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German companies may be passing on Bitcoin for lack of ‘competitive advantage’

Chayanika Deka

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Source: Pixabay

Germany officially classifies Bitcoin, and cryptocurrencies by extension, as a financial instrument, according to the latest guidance issued by the Federal Financial Supervisory Authority of Germany, BaFin. The said guidance was an attempt to clarify the status of crypto and the regulations applicable for related business activities.

Despite such clarity and pro-activity, the “adaptation” of cryptocurrencies by industry players in Germany remains relatively low. This was revealed by a recent paper titled, ‘Adaptation of cryptocurrencies in listed companies: Empirical findings of a CFO survey in the German capital market,‘ in which an online questionnaire was sent out to CFOs of German Prime Standard listed 31 companies.

According to the report’s findings, cryptocurrencies tend to be of minor importance to German stock corporations. For instance, only 10% of surveyed companies consider cryptocurrencies as a possible investment, while none claimed to have invested in it. A majority of the companies are of the opinion that no competitive advantage will be achieved by adopting cryptocurrencies in the future. In fact, just one company spoke about the integration of cryptocurrencies into its business model.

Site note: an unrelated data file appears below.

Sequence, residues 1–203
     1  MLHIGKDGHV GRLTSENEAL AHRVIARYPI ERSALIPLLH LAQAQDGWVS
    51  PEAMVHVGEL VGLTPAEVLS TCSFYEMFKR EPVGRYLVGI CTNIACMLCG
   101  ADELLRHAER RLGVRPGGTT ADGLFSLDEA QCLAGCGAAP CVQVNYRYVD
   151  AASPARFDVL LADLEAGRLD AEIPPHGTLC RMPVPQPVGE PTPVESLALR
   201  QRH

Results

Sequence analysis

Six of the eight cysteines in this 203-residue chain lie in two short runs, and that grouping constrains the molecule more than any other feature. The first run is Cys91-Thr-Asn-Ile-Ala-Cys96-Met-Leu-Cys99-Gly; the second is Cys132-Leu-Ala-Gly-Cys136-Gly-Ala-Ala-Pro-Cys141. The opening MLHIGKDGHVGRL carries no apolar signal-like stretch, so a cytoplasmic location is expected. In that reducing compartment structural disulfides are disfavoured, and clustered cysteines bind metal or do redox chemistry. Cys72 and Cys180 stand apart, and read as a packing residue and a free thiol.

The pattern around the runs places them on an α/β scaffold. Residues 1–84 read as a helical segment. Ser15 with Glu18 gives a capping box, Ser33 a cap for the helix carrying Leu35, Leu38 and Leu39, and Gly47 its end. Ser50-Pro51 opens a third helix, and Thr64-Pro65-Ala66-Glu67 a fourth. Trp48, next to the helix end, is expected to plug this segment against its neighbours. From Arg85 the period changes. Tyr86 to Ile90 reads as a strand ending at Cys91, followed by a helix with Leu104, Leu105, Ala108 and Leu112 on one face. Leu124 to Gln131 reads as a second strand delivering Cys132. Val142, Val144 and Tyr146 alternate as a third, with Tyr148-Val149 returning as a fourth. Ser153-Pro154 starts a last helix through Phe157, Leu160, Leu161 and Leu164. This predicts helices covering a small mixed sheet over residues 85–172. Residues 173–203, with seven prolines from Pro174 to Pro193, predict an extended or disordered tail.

Source: Inderscience Online | Drivers and barriers for adaptation of cryptocurrencies

The underlying technology of cryptocurrencies – blockchain– was found to be of higher relevance than Bitcoin. The reason behind the same was explained by the “comparatively low risk of undefined technology utilization,” than the risky adaptation of “new currencies.” Some of the use-cases identified by the surveyed companies were observed to be,

“More than half consider cryptocurrencies as a means of payment at the point of sale as well as a suitable vehicle to access the blockchain technology. More than a quarter recognize potential benefits in the context of the internet of things or in the settlement of small payments (micropayments).”

While the main obstacles were perceived to be regulatory uncertainty and high price volatility, the potential benefits identified by the companies in question were low transaction costs and the omission of intermediaries.

Talking about the regulatory position of Germany, the banks have authorized the sale and storage of cryptocurrencies from 2020. Following this development, in February this year, BaFin received several “expressions of interest” from banks for approval to operate a crypto-custody business in the future. BaFin’s guidance had stated,

““[They are defined] as digital representations of a value that has not been issued or guaranteed by any central bank or public body and is not necessarily linked to a currency specified by law and that does not have the legal status of a currency or money, but is accepted as a medium of exchange by natural or legal persons and can be transmitted, stored and traded electronically.”


Chayanika is a full-time cryptocurrency journalist at AMBCrypto. A graduate in Political Science and Journalism, her writing is centered around regulation and policy-making regarding the cryptocurrency sector.